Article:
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Steven Richard ALLGOEWER, Plaintiff and Appellant, v. CITY OF TRACY et al., Defendants and Respondents.

No. C067636.

Decided: July 05, 2012

Pacheco & Somera, Stockton, and Charles A. Pacheco for Plaintiff and Appellant. Low, Ball & Lynch, San Francisco, Dale L. Allen and Michael T. Beuselinck for Defendants and Respondents.

Plaintiff Steven Richard Allgoewer sued the City of Tracy and two of its police officers for (among other things) using excessive force in arresting him. Before Allgoewer finished putting on his evidence at trial, the trial court granted nonsuit on the ground that Allgoewer could not prevail without offering expert testimony on “what force a reasonable law enforcement officer would have used under the same or similar circumstances.” On Allgoewer's appeal, we conclude the trial court prejudicially erred in concluding that expert testimony on the issue of reasonable force was required in this case. Accordingly, we will reverse the judgment of dismissal.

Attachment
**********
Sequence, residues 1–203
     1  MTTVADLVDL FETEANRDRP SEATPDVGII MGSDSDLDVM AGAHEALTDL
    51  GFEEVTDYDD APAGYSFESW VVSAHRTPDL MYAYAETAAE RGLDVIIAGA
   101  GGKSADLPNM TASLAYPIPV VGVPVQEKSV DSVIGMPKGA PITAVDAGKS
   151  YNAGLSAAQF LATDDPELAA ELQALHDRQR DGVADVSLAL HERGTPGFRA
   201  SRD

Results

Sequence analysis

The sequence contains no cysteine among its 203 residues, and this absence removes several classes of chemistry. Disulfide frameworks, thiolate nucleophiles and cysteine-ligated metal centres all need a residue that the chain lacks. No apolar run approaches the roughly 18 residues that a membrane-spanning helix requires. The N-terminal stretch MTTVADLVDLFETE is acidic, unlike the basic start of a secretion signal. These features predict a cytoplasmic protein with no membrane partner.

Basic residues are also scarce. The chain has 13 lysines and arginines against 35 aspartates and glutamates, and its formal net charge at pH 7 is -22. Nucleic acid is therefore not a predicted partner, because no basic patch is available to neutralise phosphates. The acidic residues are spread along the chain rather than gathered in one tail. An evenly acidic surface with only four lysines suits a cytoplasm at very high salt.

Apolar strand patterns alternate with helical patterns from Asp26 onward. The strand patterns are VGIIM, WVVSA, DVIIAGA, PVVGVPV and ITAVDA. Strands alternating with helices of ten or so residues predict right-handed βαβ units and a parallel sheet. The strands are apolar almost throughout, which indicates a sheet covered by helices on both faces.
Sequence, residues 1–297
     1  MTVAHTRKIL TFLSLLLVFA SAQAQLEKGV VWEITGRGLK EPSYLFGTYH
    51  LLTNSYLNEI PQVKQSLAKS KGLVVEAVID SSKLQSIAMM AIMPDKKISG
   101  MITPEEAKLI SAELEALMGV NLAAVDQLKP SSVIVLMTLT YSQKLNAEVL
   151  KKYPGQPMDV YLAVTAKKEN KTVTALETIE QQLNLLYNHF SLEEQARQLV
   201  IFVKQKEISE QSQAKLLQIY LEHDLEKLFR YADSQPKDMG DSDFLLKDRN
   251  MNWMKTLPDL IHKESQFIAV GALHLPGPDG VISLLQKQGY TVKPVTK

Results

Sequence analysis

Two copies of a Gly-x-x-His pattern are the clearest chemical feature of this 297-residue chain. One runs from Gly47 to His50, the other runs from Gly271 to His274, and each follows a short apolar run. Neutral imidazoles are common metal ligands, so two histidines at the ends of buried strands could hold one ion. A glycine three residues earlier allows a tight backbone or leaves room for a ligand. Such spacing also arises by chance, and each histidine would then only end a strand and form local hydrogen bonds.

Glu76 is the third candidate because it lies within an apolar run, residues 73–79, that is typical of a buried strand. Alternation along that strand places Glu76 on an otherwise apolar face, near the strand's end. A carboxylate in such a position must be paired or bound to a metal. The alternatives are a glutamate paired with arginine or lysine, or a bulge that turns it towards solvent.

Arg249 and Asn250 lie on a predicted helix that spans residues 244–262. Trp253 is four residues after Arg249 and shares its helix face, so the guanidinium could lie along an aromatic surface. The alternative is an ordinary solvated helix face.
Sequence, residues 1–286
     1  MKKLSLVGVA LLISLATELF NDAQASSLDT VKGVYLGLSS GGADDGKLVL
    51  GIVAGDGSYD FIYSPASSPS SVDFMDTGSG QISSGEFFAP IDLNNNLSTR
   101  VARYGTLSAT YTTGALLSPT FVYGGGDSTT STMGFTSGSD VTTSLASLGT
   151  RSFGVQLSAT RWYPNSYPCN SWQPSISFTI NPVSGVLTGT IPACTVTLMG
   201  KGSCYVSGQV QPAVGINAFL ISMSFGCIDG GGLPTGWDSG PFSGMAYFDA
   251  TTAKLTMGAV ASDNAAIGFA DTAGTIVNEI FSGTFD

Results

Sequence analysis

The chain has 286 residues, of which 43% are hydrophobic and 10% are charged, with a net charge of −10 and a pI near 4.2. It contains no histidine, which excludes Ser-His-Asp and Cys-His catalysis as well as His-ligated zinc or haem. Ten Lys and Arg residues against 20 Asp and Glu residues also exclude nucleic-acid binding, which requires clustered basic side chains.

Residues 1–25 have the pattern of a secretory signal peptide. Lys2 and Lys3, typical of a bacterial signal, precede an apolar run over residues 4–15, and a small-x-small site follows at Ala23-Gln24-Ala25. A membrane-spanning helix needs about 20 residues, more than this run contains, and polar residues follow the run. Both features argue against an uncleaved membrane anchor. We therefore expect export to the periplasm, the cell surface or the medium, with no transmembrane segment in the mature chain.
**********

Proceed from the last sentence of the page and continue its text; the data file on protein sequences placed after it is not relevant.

Viewing the evidence in the light most favorable to Allgoewer, the testimony at trial showed that on June 18, 2007, Allgoewer's ex-wife, Leticia Vargas, complained to Officer Nestor Mejia of the Tracy Police Department that Allgoewer had violated a child custody order by failing to return the parties' child to Vargas the day before. When Officer Mejia could not reach Allgoewer by telephone, he drove to Allgoewer's house, where he found Allgoewer gardening in the yard. Officer Mejia engaged Allgoewer in conversation while standing on the sidewalk on the other side of a short fence from Allgoewer. As they spoke, Officer Trevin Freitas joined Officer Mejia on the sidewalk.

Officer Mejia informed Allgoewer of Vargas's complaint, and Allgoewer immediately responded that he had submitted a letter through his lawyer for a 30–day vacation period with the child. After a period of conversation, Allgoewer told the officers he had a draft of the letter inside, and they allowed him to retrieve it. He left the yard through the gate into the backyard, presumably to enter the house through the back door. He then returned with a folder of documents but was unable to provide the officers with a copy of the letter.